Dear WestSide Baby Family,
I’m snow-slush-ice-rained-in like many of you. I’m worried about the frozen water for “our” hummingbird. I feel attachment to this tiny creature that flutters before my window in gratitude at her feeder.
AND – I’m overwhelmed with worry for the families who are facing stress at levels I can only imagine. As I struggled with communication to staff, our provider partners, volunteers and each of you who wants to donate items this week, I felt it. The weight of decisions, competing priorities and safety were almost tangible. We have closed 5 days in the past week. This means closed to incoming donations and closed for preparing the orders for the families in the same situation I am in – stuck in the snow.
But that is where the similarity shifts. Here, I’m worried about our teen and his friends getting a snowball in the eye, keeping our daughter off the road. I’m addressing food for them after two nights of snowed-in sleepovers with 7 guests. There is a lost cell phone, possible minor medical issue and lots of wet socks. I can deal with every one of those issues within two blocks of my house.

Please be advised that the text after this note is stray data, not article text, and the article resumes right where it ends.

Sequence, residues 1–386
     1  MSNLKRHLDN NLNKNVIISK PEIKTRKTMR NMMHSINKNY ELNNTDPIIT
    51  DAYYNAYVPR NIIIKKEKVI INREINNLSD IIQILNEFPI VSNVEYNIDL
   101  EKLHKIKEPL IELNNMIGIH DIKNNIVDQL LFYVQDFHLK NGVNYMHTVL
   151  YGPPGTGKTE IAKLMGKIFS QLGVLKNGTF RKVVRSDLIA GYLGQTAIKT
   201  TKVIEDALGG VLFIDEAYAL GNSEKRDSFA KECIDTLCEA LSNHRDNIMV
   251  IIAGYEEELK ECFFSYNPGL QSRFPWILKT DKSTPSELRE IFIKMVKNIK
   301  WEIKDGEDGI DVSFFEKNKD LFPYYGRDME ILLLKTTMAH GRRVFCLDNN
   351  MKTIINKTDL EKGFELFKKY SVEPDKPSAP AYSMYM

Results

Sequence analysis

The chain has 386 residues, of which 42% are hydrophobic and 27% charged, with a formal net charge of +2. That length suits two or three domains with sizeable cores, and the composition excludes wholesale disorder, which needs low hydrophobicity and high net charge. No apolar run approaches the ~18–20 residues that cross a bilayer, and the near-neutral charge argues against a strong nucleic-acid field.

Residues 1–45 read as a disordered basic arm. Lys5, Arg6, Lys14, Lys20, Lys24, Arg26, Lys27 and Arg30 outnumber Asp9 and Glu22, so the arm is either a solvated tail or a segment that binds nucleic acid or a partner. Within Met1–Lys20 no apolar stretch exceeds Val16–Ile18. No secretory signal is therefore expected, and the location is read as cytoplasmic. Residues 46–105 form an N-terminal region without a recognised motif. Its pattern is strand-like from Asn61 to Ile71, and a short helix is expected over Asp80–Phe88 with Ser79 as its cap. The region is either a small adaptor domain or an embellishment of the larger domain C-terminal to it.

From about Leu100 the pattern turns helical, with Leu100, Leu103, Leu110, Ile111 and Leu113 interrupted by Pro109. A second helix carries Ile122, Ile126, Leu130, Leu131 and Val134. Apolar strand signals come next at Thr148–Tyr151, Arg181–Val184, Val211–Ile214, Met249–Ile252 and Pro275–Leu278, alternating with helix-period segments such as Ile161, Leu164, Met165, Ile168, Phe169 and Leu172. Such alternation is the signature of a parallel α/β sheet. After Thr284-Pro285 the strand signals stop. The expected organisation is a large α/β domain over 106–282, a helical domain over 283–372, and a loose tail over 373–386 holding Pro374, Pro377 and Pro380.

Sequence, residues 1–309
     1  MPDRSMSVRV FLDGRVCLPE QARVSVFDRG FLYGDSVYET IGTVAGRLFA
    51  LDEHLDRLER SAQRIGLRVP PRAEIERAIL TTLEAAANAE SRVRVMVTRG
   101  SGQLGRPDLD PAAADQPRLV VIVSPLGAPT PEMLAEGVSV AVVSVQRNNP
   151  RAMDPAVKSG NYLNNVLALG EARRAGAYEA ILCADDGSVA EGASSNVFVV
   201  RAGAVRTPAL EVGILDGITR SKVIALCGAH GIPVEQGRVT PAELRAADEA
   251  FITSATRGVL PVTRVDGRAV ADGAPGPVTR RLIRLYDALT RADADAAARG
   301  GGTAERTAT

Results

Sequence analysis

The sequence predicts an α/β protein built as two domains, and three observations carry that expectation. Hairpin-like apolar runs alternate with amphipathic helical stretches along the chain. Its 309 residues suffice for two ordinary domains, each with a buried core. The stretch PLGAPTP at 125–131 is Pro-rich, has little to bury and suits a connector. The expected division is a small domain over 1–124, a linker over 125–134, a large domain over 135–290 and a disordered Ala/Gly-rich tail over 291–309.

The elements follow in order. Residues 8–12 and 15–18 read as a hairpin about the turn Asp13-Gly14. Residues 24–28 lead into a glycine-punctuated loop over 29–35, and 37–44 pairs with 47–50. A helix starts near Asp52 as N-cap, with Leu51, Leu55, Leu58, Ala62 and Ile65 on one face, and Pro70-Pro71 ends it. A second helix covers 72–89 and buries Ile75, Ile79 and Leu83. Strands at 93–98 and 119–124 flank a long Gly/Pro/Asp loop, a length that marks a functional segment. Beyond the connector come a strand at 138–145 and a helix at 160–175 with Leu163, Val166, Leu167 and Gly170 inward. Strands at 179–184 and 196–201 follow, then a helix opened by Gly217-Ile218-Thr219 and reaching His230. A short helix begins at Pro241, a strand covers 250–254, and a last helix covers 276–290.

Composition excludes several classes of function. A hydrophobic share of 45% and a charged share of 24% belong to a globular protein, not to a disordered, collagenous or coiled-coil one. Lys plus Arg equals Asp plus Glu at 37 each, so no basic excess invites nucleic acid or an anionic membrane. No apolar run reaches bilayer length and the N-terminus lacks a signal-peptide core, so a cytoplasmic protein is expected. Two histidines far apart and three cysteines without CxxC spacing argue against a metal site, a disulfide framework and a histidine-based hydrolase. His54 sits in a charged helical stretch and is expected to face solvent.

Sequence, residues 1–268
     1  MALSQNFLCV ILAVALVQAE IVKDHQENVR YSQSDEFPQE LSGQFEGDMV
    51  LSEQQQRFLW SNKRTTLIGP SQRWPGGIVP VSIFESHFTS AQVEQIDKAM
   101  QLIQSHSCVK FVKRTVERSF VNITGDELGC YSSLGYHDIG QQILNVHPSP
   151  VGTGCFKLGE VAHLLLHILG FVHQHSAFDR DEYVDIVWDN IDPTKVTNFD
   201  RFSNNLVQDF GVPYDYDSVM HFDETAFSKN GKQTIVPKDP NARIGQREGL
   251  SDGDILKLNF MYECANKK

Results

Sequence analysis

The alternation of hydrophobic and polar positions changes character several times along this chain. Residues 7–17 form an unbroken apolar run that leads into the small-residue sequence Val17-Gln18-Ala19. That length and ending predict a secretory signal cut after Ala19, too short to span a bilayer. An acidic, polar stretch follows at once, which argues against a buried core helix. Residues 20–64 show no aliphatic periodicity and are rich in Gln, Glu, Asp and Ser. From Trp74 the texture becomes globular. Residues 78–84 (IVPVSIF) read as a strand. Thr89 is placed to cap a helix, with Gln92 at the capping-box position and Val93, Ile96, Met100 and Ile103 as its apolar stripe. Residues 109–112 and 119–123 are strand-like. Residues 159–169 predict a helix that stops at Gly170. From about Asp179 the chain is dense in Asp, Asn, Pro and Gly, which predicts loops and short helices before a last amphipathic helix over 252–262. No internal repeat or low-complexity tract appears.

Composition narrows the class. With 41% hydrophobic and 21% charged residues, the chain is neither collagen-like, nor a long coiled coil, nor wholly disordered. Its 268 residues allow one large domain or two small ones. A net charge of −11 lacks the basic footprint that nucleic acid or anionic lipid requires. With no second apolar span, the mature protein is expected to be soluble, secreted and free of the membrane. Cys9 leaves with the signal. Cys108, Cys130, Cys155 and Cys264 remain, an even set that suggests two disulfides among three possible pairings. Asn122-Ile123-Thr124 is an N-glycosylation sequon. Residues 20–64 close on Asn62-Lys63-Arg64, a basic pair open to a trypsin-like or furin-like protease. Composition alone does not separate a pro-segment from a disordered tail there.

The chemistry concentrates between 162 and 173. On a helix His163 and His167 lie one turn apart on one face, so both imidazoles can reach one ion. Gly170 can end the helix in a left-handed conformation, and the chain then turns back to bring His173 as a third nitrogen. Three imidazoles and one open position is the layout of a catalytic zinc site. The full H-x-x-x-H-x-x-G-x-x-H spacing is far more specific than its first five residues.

Many families we serve are living in cars, crowded apartments, on friend’s couches and in homes without proper heat. The children won’t have warm coats, gloves, hats or boots to go outside in. The babies will still soil diapers and the access to dry ones, from us or from a store will be out of reach. It’s not like there were funds to stock up or clear the grocery shelves like happened in many neighborhoods. Stocking up isn’t ever an option for most.
The federal shut-down awakened many to the reality that most families are one paycheck away from disaster. The families were right there on the news in front of us. This past week, right here in King County, this snowstorm hits harder than a furlough. It means no wages for the hourly employees whose workplaces were closed or who couldn’t get out in a car or to a bus. It means the hundreds of provider partners we work with couldn’t work with families on issues or to deliver our items. It means cabin fever at insurmountable levels that leads to stressed caregivers without space or tools to deescalate. It means hungry kids who cannot access their school breakfast or lunches. It means shivers – cold, damp and wet.
Yesterday, our staff sent me their biggest concerns. Without exception, the theme was “diapers, wipes, warm clothes and getting things” for the families we serve. And today, each one of us is trying to figure out how to get to our facility and shovel the parking lot so that it is safe, and accessible to our entire community.
So, friends, let’s plan ahead to this weekend and next week so you can help tell King County families – we have them covered!